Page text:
China sets modest growth target of around 5% as parliament opens

  • GDP target around 5% at the bottom of expectations
  • Work report focusing on consumption, jobs
  • Defense spending will increase by 7.2%, compared to a rise of 7.1%
  • Budget deficit target at 3%, wider than the previous 2.8%

BEIJING, March 5 (Reuters) – China on Sunday set a modest economic growth target of around 5 percent this year as it kicked off the annual session of its National People’s Congress (NPC), which is set to implement the biggest government move-up in a decade.

China’s gross domestic product (GDP) grew just 3% last year, one of its worst performances in decades, squeezed by three years of COVID-19 restrictions, the crisis in its vast sector real estate, repression of private companies and weakening demand for Chinese exports.

In his work report, outgoing Premier Li Keqiang stressed the need for economic stability and expanding consumption, setting a target of creating about 12 million urban jobs this year, against the target from at least 11 million from last year, and warned that risks remain in the real estate sector.

Li set a budget deficit target of 3.0% of GDP, down from a target of around 2.8% last year.

“We should give priority to the recovery and expansion of consumption,” said Li, who spoke for just under an hour in a speech to open parliament, which will continue until July 13. March.

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“The incomes of urban and rural residents should be boosted through multiple channels. We should stabilize spending on big-ticket items and promote the recovery of consumption of consumer services,” he said.

The growth target of around 5% for this year was at the lower end of expectations, as political sources had recently told Reuters that a range as high as 6% could be set. It is also below last year’s target of around 5.5%.

“While the official growth target has been lowered for the second consecutive year, which could be a disappointment for the market, we believe that investors (should) pay attention to the underlying growth momentum to gauge the pace. recovery,” said Zhou Hao, an economist at Guotai Junan International.

Li and a slate of more reformist economic policymakers are set to retire during the congress, making way for loyalists of President Xi Jinping, who has further tightened his grip on power by securing a third term as Communist Party leader. of October. Congress.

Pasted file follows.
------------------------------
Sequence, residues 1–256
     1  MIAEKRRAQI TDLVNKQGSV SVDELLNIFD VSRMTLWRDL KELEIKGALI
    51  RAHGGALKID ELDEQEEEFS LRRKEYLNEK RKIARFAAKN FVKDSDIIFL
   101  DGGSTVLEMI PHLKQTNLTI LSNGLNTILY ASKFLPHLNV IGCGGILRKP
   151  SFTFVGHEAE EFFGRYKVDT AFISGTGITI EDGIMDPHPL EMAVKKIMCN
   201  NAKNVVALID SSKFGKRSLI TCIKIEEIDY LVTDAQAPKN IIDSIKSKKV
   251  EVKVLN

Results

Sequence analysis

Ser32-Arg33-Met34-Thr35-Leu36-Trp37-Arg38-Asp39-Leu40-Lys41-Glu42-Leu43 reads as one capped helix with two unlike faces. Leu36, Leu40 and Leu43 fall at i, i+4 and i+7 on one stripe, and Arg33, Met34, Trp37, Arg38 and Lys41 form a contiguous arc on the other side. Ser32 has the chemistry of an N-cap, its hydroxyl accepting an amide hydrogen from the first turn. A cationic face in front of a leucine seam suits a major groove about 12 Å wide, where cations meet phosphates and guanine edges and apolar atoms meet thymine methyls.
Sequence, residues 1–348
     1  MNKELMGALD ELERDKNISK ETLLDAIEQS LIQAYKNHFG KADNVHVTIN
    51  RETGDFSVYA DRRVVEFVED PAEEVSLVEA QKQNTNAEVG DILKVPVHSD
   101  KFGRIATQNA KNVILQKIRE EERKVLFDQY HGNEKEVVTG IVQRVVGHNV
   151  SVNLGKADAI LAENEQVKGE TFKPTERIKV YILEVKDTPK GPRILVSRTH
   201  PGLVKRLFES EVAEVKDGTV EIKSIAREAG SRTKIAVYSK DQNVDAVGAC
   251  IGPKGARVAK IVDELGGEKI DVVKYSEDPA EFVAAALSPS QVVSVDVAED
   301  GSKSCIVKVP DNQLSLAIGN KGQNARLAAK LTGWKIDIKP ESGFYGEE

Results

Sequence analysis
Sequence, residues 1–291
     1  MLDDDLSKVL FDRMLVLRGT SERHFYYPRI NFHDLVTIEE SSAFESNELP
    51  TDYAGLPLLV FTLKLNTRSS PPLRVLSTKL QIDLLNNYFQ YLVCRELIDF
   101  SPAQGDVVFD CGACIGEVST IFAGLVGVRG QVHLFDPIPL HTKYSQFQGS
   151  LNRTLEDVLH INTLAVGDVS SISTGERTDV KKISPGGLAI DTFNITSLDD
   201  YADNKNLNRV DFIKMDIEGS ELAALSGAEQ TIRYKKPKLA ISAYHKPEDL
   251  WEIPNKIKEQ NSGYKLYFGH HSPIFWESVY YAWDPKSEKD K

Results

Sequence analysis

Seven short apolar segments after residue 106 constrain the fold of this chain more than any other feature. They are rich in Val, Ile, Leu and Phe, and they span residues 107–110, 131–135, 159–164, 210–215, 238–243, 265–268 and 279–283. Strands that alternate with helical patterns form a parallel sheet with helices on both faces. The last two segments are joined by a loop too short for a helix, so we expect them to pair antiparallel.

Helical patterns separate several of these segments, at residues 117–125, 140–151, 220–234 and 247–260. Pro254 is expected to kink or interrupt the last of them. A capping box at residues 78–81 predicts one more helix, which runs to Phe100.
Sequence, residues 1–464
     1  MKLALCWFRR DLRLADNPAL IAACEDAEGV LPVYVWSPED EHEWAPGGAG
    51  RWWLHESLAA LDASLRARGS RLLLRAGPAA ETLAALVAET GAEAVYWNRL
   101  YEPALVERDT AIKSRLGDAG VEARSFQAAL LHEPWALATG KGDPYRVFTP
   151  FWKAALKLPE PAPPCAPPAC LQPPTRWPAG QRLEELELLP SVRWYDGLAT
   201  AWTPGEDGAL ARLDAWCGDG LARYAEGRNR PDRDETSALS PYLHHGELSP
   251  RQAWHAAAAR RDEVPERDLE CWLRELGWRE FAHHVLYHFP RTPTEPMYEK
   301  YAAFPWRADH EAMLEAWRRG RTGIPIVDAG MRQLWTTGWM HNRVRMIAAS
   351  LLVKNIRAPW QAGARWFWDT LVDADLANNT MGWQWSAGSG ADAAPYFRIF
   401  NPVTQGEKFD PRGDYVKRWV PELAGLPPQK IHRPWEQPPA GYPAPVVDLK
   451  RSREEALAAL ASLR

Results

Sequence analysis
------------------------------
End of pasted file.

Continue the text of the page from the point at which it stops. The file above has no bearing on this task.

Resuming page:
During the NPC, former Shanghai party leader Li Qiang, a longtime Xi ally, is expected to be confirmed as prime minister, tasked with reinvigorating the world’s second-largest economy.

The approval parliament will also discuss Xi’s plans for an ‘intensive’ and ‘wide-ranging’ reorganization of state and Communist Party entities, state media reported on Tuesday, with analysts expecting a further deepening of the penetration of the Communist Party into the organs of the State.


Li said China’s armed forces should devote more energy to training under combat conditions and strengthen combat readiness, and the budget called for a 7.2 percent increase in defense spending this year, an increase slightly larger than the 7.1% increase forecast last year and again exceeding forecast GDP growth. .

On Taiwan, Li took a moderate tone, saying China should promote the peaceful development of cross-strait relations and push forward China’s “peaceful reunification” process, but also take resolute measures to oppose to the independence of Taiwan.

Beijing faces a host of challenges, including increasingly strained relations with the United States and a deteriorating demographic outlook, with plummeting birth rates and a declining population last year for the first times since the famine year of 1961.

China plans to reduce childbirth, childcare and education costs and will actively respond to population aging and declining fertility, the country’s state planner said in a report of activity published on Sunday.

The NPC opened on a smoggy day amid tight security in the Chinese capital, with 2,948 delegates gathered in the cavernous Great Hall of the People on the west side of Tiananmen Square.

During the session, China’s legislature will vote on a plan to reform institutions under the State Council, or cabinet, and decide on a new composition of the cabinet for the next five years, according to the agenda. Of the reunion.

It is the first NPC meeting since China abruptly abandoned its zero COVID policy in December, following rare nationwide protests. Excluding pandemic-shortened meetings from the previous three years, this year’s session will be the shortest in at least 40 years, according to NPC Observer, a blog.

Additional reporting by Beijing Newsroom; Written by Tony Munroe; Editing by Himani Sarkar, William Mallard and Simon Cameron-Moore

Our standards: The Thomson Reuters Trust Principles.

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